Grow Exeter | Aug 13, 2018 | 0
TEDxExeter Ideas Festival Reaches a Global Audience
Photography by Matt Round Photography
Thousands of people gathered across Devon and beyond to hear leading thinkers tackle global issues, from the environment to mental health, at TEDxExeter 2018.
The seventh annual ideas festival at the Exeter Northcott Theatre on Friday 20th April had sold out within minutes, with hundreds more attendees watching a simultaneous livestream at the University of Exeter’s Alumni Auditorium.
Schools and libraries across Devon held their own livestreams, with the day’s talks and performances also being screened at venues including the Exeter Phoenix, the Royal Albert Memorial Museum (RAMM) and CoLab.
Thousands of people around the world watched online as local and international speakers tackled diverse issues including sleep, human rights and the environmental harm caused by single-use plastics, linked by the overarching theme ‘Connect’.
They included Devon barber Tom Chapman, founder of the Lions Barber Collective, which works to prevent suicide by encouraging conversations about mental health, and Rebekah Afari, a former student of the Exeter Royal Academy for Deaf Education and member of the youth advisory board of the National Deaf Children’s Society.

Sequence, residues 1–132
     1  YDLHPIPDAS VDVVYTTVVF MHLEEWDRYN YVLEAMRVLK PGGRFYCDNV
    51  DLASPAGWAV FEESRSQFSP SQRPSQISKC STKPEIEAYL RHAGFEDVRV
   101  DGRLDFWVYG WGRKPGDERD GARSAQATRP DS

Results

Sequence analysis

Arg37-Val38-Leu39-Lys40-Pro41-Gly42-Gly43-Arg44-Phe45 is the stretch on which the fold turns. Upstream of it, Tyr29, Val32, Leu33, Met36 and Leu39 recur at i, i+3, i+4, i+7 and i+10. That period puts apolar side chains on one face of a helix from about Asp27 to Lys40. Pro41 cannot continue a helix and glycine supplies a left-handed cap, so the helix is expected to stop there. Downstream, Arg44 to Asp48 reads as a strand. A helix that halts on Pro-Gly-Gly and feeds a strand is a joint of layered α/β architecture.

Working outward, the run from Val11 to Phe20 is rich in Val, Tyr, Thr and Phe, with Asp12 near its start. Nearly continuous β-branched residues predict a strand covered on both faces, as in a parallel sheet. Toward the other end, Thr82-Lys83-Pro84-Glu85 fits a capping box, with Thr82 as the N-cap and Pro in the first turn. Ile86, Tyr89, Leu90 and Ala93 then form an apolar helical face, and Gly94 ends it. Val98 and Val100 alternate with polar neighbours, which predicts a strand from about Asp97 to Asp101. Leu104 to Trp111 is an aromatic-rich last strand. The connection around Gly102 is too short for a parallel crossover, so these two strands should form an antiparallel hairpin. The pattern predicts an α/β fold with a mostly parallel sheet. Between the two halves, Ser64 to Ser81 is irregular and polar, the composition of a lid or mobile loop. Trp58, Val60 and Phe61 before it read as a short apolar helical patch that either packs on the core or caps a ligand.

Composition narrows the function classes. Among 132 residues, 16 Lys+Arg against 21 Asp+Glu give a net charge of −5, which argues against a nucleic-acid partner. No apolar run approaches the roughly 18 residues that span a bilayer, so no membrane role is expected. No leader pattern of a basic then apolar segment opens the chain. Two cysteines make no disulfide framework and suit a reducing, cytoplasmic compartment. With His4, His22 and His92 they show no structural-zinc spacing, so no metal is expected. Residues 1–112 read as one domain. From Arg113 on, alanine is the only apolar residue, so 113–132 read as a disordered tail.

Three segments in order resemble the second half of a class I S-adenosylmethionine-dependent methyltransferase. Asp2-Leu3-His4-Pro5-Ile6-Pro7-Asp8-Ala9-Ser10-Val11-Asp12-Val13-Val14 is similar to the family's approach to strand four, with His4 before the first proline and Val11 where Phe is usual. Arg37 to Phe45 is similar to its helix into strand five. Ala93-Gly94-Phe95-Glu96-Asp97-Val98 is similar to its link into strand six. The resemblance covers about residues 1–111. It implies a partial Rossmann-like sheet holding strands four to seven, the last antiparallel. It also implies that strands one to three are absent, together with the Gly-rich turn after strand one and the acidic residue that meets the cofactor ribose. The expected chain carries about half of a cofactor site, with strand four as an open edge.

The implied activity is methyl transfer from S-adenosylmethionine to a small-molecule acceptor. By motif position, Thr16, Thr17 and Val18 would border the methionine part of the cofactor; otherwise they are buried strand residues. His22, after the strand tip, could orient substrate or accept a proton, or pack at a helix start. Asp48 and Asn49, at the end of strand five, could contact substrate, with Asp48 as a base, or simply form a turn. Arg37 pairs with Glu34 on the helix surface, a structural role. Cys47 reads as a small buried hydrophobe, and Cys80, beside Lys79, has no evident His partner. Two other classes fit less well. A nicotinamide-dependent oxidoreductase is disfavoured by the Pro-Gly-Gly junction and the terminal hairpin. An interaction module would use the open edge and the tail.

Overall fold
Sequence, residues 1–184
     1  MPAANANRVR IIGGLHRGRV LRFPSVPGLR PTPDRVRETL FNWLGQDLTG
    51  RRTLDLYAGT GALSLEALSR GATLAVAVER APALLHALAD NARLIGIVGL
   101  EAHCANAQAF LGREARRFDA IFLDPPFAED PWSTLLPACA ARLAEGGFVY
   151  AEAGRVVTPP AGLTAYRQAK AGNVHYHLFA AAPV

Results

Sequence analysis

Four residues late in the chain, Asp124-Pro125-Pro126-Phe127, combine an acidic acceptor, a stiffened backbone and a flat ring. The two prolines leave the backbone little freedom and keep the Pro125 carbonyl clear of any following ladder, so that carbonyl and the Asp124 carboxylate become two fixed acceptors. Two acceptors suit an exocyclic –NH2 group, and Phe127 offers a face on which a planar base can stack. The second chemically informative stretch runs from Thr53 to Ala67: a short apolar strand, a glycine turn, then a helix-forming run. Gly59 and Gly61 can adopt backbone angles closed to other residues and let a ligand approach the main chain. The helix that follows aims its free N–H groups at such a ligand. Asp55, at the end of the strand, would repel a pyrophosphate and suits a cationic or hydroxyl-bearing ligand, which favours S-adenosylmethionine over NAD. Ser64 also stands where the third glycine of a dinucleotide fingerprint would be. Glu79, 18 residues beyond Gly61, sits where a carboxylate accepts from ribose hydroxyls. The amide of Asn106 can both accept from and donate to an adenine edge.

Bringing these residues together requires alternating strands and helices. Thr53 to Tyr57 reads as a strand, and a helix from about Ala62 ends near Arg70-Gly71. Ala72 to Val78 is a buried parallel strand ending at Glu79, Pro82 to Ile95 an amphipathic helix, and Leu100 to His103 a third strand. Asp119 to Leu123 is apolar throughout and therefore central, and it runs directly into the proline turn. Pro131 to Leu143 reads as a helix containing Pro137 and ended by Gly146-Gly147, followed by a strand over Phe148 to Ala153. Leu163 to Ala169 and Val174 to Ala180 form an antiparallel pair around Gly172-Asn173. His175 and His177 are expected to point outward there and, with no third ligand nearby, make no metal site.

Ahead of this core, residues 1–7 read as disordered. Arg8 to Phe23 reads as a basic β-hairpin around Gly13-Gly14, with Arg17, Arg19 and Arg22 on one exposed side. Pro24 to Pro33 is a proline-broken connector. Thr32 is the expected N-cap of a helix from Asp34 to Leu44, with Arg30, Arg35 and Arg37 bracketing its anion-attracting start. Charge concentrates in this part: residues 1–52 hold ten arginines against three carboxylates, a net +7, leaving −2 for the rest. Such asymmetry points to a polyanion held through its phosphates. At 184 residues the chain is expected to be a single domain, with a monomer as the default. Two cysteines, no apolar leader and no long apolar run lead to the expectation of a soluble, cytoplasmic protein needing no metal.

Another highlight of the day was a talk by Dawn Faizey Webster, who learned to communicate by blinking after a stroke left her with Locked-In Syndrome.
Once again TEDxExeter held a series of spin-off events alongside this year’s ideas festival. These ‘adventures’ expanded on some of the themes of the event, including inclusive growth, sustainable fashion, modern slavery and single-use plastics.
On Thursday 19th April, TEDxExeter speaker Anthony Painter and colleagues from the Royal Society of Arts (RSA) joined 40 senior leaders from across the region at RAMM to explore what ideas of ‘inclusive growth’ might mean for greater Exeter. Later that day, TEDxExeter speaker Patrick Grant and Lucy Clayton, from Community Clothing, led an interactive workshop at the University’s Business School around the themes of sustainability, fashion and social enterprise.
The topic of modern day slavery was covered in a powerful talk on the day and in a moving photographic exhibition brought to TEDxExeter by the National Crime Agency. The police Anti-Slavery Partnership and Unseen were also present on the day, so that the audience could find out more about modern slavery and what they can do to spot signs in their communities.
The problem of single-use plastics was also a major theme at this year’s TEDxExeter. To complement the talk by young campaigners Amy and Ella Meek on becoming plastic clever, reusable water bottles from Give Me Tap were given out to all attendees: the profits have funded clean water for over 300 people for 20 years in northern Ghana. South West Water provided a bowser to fill them, saving thousands of plastic cups at the event. A number of water charities were also represented to get delegates thinking about the impact of single-use plastics, what they can do to cut down on their plastic consumption, and how they can support Refill Devon, a tap water campaign that aims to introduce refill points on every street.